Big Girls do Cry

27 July 2016

As a grown up mum of 4 (including husband) and a feisty Leo mum at that to a growing and extending Family, I have always considered myself strong. I've pulled up the big girls pants, I've upped my game and I've worked my butt off to be independent and a positive role model to my children. I've worked long hours, I've taken challenges, I've taken risks and I've survived, all whilst wearing 5 inch heels, red lipstick and a smile.

This month something happened, something I hadn't expected, well actually a catalogue of something's happened that literally shook my world to the limits.

So what did this strong, independent woman do?

I burst into tears, I cried and I sobbed and I literally ran into the arms of my mother just as I had when I was 4 years old and fallen from my bike!

It was the ultimate primitive response as if I had strayed too far from her, was lost, could perish and I needed to be found. I needed my mum to tell me it was going to be alright, to comfort me and smother me in reassurance.

Of course she did exactly that and fast forward a month and as predicted the somethings became nothings just as before and I got back up, brushed myself off and emerged a little bruised, a little hurt but a whole lot wiser and a tiny bit sassier from the experience.

It made me think about Parenting. It made me think about crying. It made me think about how we as parents and carers respond to babies cries.

Did my mum bring me up with the Early Years knowledge I have? No of course not. Was she a parenting expert? No! Was she fully aware of the Attachment Theory and that psychologist John Bowlby postulated that a warm, intimate relationship between caregiver and infant is necessary for optimal health as well as for basic survival.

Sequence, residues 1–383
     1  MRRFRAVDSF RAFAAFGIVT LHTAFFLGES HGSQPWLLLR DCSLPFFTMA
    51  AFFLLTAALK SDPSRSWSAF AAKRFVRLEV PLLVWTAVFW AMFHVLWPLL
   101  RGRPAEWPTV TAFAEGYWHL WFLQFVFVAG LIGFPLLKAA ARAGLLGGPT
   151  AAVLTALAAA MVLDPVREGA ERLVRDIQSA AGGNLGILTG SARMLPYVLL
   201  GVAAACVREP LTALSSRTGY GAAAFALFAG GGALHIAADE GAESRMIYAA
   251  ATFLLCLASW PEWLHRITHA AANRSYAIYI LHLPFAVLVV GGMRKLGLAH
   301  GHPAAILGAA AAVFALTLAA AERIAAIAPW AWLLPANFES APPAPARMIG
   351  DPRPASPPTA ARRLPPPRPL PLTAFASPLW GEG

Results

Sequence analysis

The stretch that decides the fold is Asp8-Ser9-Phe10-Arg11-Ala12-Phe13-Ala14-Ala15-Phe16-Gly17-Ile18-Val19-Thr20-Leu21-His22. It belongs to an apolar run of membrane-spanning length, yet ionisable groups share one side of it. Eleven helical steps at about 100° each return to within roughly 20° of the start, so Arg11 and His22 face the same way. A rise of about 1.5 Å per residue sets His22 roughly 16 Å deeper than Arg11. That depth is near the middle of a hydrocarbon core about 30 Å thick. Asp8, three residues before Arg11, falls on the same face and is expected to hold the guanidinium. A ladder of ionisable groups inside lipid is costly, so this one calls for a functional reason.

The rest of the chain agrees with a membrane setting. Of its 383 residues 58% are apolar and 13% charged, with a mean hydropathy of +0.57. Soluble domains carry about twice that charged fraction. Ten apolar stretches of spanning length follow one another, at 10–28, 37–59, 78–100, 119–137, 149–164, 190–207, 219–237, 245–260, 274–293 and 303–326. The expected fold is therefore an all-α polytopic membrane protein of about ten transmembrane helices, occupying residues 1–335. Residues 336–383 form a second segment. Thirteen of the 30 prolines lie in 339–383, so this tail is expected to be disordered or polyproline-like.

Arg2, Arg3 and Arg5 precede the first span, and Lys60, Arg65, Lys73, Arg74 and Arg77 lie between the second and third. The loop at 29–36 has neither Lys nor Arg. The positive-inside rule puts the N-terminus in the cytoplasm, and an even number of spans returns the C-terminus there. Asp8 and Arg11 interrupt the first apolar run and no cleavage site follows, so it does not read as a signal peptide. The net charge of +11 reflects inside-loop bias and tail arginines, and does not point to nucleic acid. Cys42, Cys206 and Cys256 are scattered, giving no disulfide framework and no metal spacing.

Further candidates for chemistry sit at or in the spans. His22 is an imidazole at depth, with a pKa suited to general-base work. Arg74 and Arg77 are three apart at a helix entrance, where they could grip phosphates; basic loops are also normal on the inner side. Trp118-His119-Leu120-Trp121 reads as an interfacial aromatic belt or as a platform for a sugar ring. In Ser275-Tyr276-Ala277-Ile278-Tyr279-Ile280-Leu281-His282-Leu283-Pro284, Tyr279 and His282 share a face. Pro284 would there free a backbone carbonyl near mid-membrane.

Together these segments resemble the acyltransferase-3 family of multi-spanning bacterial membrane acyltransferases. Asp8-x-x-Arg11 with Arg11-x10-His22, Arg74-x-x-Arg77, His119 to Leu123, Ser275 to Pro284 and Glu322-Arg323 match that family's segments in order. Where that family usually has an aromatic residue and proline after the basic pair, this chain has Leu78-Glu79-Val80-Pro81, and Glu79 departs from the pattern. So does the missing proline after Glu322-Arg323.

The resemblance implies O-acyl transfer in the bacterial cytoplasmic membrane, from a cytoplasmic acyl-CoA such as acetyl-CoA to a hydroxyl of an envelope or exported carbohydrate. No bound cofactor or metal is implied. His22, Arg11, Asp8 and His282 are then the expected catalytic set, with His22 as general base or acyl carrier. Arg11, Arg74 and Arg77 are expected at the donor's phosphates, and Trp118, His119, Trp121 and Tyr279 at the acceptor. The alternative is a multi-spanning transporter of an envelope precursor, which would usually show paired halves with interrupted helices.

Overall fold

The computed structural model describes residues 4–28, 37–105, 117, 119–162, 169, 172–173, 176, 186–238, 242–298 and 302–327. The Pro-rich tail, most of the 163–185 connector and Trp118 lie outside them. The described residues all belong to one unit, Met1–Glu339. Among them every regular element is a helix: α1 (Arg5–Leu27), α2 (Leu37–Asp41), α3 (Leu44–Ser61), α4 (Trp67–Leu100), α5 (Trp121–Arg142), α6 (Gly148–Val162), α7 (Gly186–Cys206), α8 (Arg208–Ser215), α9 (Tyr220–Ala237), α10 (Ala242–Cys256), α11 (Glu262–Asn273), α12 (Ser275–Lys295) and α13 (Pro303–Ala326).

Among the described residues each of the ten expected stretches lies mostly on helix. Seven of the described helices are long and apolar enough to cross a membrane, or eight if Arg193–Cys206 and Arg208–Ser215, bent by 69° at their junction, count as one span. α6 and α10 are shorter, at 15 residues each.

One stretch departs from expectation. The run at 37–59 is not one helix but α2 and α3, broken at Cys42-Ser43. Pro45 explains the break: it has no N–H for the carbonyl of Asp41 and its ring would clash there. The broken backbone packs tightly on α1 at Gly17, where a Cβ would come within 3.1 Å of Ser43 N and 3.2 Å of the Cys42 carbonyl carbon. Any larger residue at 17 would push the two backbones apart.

No, my mum knew the basics along with her friends and together they parented their own children and each other's. I think they did an amazing job simply by doing what came naturally to them.

Baby In A Sling

Looking at the Theory - babies are born without the ability to self-regulate emotions. That is, they find the world to be confusing and disorganized, but do not have the coping abilities required to soothe themselves. Thus, during times of distress, they seek out their caregivers because the physical closeness of the caregiver helps to soothe the infant and to re-establish equilibrium.

When the caregiver is consistently responsive and sensitive, the child gradually learns and believes that she is worthy of love, and that other people can be trusted to provide it. She learns that the caregiver is a secure base from which she can explore the world, and if she encounters adversity she can return to her base for support and comfort. This trust in the caregiver results in what is known as a secure individual.

As my story demonstrates, attachment theory lasts a lifetime and whenever you need it, and whatever the age, man, woman, child or baby. A strong bond between carer and child is the greatest gift that should be nurtured always as it lasts a lifetime, providing the eternal strength you can always rely on through adulthood.

Life is a catalogue of highs and lows and with the love of a family pretty much anything is possible.

Have a great Summer everyone!


Sue xx 

(Managing Director of Evolution Childcare)

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